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PhD Defense: Bennett Williams

Applications of Principal Component Analysis for Position-Sensitive Semiconductor Detectors

Bennett Williams PhD Defense flyer Bennett Williams PhD Defense flyer
Title: Applications of Principal Component Analysis for Position-Sensitive Semiconductor Detectors

Chair: Professor Zhong He

Abstract: Although the landscape of nuclear safeguards changes as new technologies emerge, gamma-ray spectroscopy remains a fundamental component of nuclear material detection and monitoring protocols. Systems that feature pixelated, large- volume CdZnTe detectors provide a viable option for gamma-ray spectrometers owing to their portability, room-temperature operation, imaging capabilities and high-performance energy resolution. Despite recent advances in data acquisition technology, CdZnTe detector systems fail to achieve comparable energy resolution to the industry-leading performance provided by high-purity germanium detectors. This limits the utility of CdZnTe systems in gamma-ray spectroscopy, as the confidence intervals of analyses pertinent to nuclear safeguards depend heavily on energy resolution.

In order to address this deficiency in CdZnTe detector technology, a fundamentally new approach for calibrating energy is proposed. Conventional calibration methods for position-sensitive semiconductor detectors rely heavily on theoretical models. Despite years of extensive study on charge transport properties in position-sensitive semiconductor detectors, the underlying models introduce systematic error in the energy reconstruction process. Under the proposed framework, predictive models are constructed via principal component analysis in an attempt to reduce the reliance on theoretical models and human intuition.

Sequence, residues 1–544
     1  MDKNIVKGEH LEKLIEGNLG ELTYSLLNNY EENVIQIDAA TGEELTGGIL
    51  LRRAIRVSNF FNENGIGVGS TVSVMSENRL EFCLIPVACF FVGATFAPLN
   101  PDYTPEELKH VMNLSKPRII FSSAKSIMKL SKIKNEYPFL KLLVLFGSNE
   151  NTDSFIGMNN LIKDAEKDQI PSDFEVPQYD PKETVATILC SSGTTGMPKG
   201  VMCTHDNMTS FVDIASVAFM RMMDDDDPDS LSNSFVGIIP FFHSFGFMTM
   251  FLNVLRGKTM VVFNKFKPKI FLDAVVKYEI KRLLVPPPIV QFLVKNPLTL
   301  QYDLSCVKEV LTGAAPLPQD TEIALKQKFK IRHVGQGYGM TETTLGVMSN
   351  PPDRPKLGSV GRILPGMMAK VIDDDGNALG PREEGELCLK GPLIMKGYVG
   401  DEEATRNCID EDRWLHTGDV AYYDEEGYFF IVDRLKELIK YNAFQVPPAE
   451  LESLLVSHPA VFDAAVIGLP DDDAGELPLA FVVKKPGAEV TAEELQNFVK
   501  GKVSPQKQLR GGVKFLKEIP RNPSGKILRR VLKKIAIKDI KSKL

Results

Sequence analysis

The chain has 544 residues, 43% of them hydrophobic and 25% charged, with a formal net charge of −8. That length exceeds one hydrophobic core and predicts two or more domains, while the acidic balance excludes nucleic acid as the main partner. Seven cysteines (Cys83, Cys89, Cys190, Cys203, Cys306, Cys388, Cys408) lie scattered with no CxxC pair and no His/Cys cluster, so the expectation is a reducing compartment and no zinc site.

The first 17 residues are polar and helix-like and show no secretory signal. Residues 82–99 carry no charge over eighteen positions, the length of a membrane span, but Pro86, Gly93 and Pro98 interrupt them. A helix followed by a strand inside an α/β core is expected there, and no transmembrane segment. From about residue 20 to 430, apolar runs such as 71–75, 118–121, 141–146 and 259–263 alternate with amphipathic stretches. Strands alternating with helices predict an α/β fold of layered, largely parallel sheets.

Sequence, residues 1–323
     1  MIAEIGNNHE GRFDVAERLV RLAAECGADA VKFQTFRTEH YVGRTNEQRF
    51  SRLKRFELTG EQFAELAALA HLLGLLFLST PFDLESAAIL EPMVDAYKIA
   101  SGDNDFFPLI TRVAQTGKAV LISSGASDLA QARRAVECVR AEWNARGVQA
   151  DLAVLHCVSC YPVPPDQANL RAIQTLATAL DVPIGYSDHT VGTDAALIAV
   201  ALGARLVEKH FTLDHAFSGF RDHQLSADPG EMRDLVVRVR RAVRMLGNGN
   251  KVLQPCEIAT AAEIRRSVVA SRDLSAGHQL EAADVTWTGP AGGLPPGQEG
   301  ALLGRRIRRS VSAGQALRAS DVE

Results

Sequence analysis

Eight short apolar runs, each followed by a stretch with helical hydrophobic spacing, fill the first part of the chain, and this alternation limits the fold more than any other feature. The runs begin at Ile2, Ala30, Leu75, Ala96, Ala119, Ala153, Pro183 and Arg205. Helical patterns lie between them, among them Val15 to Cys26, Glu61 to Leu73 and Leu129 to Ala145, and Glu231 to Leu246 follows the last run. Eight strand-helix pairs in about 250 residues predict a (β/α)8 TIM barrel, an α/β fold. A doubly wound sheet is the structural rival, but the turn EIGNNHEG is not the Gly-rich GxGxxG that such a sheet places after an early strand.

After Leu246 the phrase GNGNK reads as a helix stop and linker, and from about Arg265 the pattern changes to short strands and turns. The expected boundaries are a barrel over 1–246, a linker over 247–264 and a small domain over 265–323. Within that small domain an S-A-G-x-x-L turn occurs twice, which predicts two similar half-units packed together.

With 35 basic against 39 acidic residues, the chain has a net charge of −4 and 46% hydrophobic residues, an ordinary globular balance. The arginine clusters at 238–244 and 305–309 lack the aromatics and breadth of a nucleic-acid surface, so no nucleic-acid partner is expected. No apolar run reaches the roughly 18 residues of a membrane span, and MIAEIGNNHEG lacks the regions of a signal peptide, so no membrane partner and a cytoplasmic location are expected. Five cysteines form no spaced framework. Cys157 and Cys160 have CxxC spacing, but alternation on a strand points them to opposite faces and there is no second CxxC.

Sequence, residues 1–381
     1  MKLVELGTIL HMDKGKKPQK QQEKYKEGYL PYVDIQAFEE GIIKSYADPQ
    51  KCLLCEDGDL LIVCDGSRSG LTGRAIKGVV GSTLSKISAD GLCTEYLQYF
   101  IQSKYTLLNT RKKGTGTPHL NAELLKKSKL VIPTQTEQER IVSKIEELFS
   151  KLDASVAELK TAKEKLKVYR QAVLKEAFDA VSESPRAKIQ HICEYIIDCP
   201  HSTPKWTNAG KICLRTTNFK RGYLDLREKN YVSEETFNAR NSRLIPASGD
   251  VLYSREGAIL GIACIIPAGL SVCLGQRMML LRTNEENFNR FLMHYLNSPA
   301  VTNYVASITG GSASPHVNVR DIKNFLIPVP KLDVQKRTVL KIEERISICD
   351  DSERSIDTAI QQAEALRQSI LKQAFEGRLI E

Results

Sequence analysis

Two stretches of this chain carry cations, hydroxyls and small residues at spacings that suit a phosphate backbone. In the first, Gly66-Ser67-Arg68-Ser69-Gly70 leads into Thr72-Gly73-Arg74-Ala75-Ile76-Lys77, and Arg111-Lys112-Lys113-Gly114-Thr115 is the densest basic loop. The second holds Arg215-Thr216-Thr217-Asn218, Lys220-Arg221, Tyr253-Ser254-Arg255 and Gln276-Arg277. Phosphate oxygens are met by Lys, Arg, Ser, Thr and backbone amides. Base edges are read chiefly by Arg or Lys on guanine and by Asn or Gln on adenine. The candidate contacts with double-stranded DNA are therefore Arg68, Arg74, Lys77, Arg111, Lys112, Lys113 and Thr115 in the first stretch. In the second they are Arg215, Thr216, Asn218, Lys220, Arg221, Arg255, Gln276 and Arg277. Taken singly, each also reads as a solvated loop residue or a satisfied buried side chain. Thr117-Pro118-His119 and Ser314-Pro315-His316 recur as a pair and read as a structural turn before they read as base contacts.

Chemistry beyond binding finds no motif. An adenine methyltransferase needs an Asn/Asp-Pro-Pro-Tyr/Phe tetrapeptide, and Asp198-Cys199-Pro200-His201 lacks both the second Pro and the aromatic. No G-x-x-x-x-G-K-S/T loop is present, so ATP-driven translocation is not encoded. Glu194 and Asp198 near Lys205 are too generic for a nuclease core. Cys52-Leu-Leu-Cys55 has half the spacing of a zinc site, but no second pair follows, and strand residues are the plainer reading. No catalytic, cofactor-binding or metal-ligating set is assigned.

This work provides a practitioner's account of how one can leverage information extracted by principal component analysis to improve energy resolution for position-sensitive semiconductor detectors. This methodology is adapted to address unique challenges presented by a variety of events observed in position-sensitive detectors. For the detectors used in this work, single-pixel, two- pixel and three-pixel event energy resolution at 662 keV improve by approximately 10\% relative to the leading alternative. The proposed calibration procedure is generalized to accommodate event reconstruction for gamma-rays in the entire dynamic range.

Energy calibration via principal component analysis is intended to provide a practical alternative to conventional techniques. Calibration requirements and computational time are monitored closely to ensure that the application of the proposed technique does not become overly burdensome. Calibration measurements based on principal component analysis require no more time or data than conventional methods. The processing time per detection event is significantly reduced compared to computationally-intensive alternatives under this framework, enabling the processing speed necessary for a wide variety of nuclear safeguards applications.
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When and Where

Map Lurie Robert H. Engin. Ctr - GM Room

March 2019

3:30pm - 5:30pm

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